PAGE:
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Mini-Story Monday, Episode 1: Arial in the Darkness, Part 1

On a corner, under a street lamp that flickered toward it’s slow death, a death that would be ignored by the city DPW because no one really cared about that part of town. No one
really gave shit about the street lights, roads, benches, the garbage that moved like waves down alleys and across parks. No one cared, no one looked, no one saw, this is what gave Ariel comfort. Most people would be afraid of this section of the city, fact is, most people were. They went there during the day, went to the markets, went to the low life insurance dealers, went to the rug salesmen, the pharmacy, the grocery with near empty shelves. The ones who lived in this area lived by day. Moved in the grace of sun light. When the sun set, this part of the city ghosted like a picture of a spent boom town in the old west. No one to be seen. Not that there was no one there to be seen, it was simply that most of the people moving in these streets, after sunset, didn’t want to be seen and they knew how to make sure they weren’t. Even if she didn’t see them, Ariel felt them. Sensed them in the shadows. Heard the slow, quiet shuffle of their feet.

Moving slowing with the confidence of a lion at a kill. No need to rush. No need to waste energy. The shadows knew the exits, knew the entrances, the escapes, the hopeless dead end alleys that smelled of death, echoed of; please don’t, sobbed with; gimme another chance. The shadows knew who you were, what you wanted, how much it would cost and what your life was worth to them even before they laid eyes on you. Most people would find that terrifying. Ariel, as she proved time and time again, was not most people.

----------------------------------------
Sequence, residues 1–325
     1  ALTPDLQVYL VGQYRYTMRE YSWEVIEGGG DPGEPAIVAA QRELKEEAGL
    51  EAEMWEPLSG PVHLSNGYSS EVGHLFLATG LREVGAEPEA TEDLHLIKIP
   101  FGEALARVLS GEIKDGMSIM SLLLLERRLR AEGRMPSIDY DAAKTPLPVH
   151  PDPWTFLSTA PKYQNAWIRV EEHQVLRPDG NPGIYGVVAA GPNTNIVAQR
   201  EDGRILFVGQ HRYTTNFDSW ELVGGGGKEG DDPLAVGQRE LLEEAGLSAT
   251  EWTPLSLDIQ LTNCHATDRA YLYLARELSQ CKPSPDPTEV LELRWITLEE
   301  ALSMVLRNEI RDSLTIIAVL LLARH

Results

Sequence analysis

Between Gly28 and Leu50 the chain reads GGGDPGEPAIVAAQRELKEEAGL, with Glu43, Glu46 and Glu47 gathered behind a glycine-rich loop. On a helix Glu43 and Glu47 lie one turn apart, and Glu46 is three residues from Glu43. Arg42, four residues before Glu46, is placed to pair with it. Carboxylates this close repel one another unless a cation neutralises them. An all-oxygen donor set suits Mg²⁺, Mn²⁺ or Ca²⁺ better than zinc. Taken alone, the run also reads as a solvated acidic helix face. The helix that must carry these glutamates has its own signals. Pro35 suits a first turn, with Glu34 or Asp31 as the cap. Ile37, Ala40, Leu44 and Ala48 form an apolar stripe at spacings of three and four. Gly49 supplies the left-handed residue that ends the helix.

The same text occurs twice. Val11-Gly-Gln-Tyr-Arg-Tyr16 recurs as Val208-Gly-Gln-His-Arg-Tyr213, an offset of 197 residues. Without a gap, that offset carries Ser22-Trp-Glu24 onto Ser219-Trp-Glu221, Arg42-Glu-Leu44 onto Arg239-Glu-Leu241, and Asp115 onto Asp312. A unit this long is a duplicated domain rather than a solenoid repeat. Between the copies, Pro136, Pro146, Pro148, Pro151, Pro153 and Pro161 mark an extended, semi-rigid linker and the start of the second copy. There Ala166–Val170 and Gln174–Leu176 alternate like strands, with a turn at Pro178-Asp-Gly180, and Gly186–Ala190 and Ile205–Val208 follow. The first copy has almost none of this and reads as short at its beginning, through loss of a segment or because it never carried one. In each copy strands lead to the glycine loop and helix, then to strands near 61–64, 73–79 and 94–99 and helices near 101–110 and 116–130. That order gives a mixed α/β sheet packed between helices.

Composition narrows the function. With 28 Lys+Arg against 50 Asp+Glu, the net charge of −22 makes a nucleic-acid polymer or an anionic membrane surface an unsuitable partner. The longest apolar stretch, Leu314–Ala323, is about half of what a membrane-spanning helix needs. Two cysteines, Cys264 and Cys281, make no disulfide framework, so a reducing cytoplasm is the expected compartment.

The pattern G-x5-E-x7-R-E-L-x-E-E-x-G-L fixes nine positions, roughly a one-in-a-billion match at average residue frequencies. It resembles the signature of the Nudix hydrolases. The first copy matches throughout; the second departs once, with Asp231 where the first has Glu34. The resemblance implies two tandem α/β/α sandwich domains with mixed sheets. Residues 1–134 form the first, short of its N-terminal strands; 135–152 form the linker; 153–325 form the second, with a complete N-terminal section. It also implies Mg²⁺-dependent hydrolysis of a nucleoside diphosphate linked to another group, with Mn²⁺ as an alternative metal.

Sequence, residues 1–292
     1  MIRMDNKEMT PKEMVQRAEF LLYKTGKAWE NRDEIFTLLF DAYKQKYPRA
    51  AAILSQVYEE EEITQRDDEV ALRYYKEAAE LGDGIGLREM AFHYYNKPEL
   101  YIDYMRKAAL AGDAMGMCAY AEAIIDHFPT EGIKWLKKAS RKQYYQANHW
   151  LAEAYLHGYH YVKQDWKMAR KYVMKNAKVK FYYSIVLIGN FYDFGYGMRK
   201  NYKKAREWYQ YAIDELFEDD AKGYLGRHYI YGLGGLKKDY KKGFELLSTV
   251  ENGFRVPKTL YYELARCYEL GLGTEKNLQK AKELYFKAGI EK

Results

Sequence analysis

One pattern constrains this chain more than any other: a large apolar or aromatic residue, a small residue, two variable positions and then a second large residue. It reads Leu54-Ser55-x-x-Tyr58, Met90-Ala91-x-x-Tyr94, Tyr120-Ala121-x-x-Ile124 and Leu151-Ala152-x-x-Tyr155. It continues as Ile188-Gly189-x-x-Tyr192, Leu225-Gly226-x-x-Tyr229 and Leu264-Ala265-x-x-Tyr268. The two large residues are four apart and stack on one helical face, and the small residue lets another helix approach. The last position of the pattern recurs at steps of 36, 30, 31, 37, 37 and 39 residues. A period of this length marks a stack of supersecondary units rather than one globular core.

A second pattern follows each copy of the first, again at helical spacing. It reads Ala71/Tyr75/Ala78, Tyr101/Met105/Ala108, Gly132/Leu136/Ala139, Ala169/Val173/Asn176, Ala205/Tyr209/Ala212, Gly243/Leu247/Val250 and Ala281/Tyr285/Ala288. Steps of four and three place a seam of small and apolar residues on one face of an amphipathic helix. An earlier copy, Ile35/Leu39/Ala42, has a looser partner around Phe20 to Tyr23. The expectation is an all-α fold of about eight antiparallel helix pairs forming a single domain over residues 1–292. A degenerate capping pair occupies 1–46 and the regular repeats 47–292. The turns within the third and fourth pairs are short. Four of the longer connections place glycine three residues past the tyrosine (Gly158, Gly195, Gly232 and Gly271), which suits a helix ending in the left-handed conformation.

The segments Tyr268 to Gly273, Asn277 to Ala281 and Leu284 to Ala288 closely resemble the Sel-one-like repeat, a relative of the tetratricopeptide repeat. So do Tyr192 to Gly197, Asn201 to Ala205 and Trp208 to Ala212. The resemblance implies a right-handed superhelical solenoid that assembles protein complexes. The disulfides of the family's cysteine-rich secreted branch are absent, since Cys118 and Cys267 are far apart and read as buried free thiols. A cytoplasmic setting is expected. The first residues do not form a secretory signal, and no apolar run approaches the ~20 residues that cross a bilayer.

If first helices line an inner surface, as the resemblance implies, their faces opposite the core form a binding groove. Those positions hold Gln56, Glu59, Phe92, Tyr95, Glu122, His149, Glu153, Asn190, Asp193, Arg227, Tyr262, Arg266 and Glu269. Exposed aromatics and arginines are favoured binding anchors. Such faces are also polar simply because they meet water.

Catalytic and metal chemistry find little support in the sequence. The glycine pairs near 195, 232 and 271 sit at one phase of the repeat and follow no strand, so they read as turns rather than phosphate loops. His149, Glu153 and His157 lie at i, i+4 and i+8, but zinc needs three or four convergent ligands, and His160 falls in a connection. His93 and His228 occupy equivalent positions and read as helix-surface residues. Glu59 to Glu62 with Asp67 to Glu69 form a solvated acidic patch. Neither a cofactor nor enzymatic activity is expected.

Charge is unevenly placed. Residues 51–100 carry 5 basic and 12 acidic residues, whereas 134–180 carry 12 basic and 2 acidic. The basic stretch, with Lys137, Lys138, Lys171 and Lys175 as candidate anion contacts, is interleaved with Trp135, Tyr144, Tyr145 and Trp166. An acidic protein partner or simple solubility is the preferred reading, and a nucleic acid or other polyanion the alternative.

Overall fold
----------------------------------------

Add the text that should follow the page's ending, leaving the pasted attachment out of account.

“White girl,” a voice slipped easily out of the shadows on the edge of the flickering street lamp and wrapped around Ariel’s ears, “you got legs, baby girl, you gonna use those legs to run?” She laughed to herself, betrayed no emotion to the shadow voice and stood her ground. Not looking in the direction of the words. “Oh, white girl,” the voice continued, some shades of laughter under it, “you are all stoic and statue like. Ok, I like statues.” Again, Ariel didn’t move, didn’t respond. The shadow voice got closer to the edge of the light. “I have been looking at you, white girl statue, for some time now. I am done looking. What more do you have to offer?” The voice broke the edge of the flickering light and Ariel turned, quick, sharp, using the on then off of the dying light to hide her movements. Like moving in a strobe light. In that flash, she stood outside the circle of flickering light and now, the shadow voice, made flesh by stark white light, was on the inside.